You may experience pain or tenderness in your wrist, elbow, and forearm if you suffer from golfer’s elbow. (6) Pain starts in the middle of the elbow and radiates down the wrist. It is rare someone with golfer’s elbow will feel pain in the actual elbow.
Pain from golfer’s elbow can come on gradually, over time, or appear suddenly. Golfer’s elbow is usually brought on by repetitive movements over a period, but it is possible to tear your tendon with one motion as well.
If you have golfer’s elbow, your symptoms are likely to worsen when you complete the following tasks among others.
The tiny tears and pulls in the tendon become inflamed and can cause redness and swelling. The affected area may also seem hot to the touch.
Swelling is your body’s natural response to any injury. You may notice swelling around your injured arm for the first 2–3 days of an incident. If you suffer from chronic swelling or swelling and redness lasts longer than 2-3 weeks, you should see your doctor.
Another common sensation associated with medial epicondylitis is numbness. Some people who suffer from golfer’s elbow complain about a tingling feeling shooting down their fingers. The fingers most affected are the little finger and ring finger. (6)
The ulnar nerve runs down the back of the prominent bone on the inside of your elbow (medial epicondyle) all the way to your fingers. (9) If that nerve is irritated from golfer’s elbow, your fingers will begin to feel numb.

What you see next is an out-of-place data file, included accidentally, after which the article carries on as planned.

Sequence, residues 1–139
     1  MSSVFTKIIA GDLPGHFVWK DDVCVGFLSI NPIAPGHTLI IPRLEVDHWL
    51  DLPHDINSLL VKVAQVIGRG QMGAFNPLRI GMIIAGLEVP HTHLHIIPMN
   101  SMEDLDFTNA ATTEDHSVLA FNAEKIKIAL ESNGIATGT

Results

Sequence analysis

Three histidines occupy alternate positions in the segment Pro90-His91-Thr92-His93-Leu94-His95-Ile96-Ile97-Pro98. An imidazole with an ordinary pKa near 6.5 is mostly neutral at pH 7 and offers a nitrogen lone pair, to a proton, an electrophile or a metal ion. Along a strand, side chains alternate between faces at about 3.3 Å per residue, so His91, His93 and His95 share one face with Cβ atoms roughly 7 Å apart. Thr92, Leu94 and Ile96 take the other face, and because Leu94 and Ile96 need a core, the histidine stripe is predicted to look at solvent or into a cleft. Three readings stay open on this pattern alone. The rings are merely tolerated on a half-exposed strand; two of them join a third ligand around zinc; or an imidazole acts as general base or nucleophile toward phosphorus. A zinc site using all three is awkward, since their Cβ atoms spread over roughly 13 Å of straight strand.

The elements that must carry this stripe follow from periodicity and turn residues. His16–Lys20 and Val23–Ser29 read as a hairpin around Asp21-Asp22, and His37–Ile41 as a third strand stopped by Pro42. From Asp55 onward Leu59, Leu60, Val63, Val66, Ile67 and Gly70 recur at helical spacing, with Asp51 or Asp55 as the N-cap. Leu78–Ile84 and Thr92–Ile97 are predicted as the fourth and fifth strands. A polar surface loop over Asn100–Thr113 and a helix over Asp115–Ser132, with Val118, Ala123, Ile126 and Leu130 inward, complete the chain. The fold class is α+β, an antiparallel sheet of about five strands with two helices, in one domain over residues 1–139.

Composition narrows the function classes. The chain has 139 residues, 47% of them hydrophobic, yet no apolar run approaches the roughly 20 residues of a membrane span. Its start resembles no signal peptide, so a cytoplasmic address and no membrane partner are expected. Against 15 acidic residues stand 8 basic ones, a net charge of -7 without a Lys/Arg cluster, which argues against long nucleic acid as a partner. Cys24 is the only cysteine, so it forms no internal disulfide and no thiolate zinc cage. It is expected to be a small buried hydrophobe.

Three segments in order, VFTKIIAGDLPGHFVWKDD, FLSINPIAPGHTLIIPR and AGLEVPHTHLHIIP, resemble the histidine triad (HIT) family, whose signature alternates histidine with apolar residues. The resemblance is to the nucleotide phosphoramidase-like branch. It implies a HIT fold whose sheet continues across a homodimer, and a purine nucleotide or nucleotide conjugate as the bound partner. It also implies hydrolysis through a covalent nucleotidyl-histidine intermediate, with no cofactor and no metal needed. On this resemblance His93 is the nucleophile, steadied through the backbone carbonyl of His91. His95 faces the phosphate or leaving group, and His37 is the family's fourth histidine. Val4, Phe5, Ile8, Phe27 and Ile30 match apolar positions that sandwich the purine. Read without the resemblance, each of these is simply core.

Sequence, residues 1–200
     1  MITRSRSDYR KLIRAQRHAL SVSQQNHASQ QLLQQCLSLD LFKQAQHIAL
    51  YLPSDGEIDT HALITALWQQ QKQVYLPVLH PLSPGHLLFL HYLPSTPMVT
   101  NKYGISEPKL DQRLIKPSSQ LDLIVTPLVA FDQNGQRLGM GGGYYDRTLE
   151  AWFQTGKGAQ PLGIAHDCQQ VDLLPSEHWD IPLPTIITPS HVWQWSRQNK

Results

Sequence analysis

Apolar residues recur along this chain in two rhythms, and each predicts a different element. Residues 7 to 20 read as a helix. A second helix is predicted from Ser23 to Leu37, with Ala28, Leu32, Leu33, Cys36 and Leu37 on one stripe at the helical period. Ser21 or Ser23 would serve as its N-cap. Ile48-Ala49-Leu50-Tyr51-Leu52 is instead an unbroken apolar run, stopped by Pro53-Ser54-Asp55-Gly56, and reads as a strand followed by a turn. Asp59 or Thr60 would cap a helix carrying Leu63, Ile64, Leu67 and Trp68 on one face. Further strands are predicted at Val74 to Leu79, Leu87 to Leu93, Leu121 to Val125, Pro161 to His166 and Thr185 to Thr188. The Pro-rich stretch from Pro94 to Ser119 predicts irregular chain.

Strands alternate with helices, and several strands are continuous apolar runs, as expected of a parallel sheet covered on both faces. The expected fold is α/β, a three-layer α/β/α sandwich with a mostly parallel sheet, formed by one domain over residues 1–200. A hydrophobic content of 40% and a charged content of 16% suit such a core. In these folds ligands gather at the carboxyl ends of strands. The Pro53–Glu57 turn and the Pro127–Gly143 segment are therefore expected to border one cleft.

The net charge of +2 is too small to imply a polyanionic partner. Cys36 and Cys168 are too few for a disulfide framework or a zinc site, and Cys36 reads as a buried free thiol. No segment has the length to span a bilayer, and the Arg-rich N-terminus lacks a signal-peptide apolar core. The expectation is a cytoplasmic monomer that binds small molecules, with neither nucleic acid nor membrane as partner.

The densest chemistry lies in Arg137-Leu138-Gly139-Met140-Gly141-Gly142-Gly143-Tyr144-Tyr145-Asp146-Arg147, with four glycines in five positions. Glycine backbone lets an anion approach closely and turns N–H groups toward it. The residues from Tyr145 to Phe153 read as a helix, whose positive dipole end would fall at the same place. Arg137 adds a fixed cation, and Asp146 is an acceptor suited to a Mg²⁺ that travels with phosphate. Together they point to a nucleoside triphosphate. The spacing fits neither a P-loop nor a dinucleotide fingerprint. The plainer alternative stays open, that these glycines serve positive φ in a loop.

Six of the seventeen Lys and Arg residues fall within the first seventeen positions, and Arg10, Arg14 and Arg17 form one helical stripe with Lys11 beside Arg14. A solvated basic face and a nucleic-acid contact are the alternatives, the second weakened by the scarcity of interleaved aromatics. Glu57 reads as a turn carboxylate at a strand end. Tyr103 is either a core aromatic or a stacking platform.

Weakness in hands especially when gripping. You may not be able to preform tasks that were simple before your injury. For example, opening a bottle or riding a motorcycle can become a major chore.
Cracking or grating sensation when moved. This sensation is caused by the added buildup of new scar tissue. Essentially you are breaking up the buildup slightly with each movement.
A tiny lump that develops along the tendon can be felt. In most cases, you will not be able to see the lump through the skin.
If a tendon has been ruptured, you will experience intense pain. Movement will be very difficult and uncomfortable. One sign your doctor will look for is a gap in the tendon. It can easily be felt by running your finger along the tendon.
Now that we have determined whether or not what you have is golfer’s elbow, we can dive into what causes it. Learning what causes your symptoms can be one of the best ways to resolve the issue.
Golfer’s elbow is commonly seen in golfer’s, hence the name, but let’s see why.